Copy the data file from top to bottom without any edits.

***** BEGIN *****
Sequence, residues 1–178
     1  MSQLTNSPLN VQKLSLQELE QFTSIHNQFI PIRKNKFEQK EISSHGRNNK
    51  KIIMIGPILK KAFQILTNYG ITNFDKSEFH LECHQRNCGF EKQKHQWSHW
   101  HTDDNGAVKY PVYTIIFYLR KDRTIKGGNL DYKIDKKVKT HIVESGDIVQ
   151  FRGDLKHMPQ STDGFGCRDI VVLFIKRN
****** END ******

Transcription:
Sequence, residues 1–178
     1  MSQLTNSPLN VQKLSLQELE QFTSIHNQFI PIRKNKFEQK EISSHGRNNK
    51  KIIMIGPILK KAFQILTNYG ITNFDKSEFH LECHQRNCGF EKQKHQWSHW
   101  HTDDNGAVKY PVYTIIFYLR KDRTIKGGNL DYKIDKKVKT HIVESGDIVQ
   151  FRGDLKHMPQ STDGFGCRDI VVLFIKRN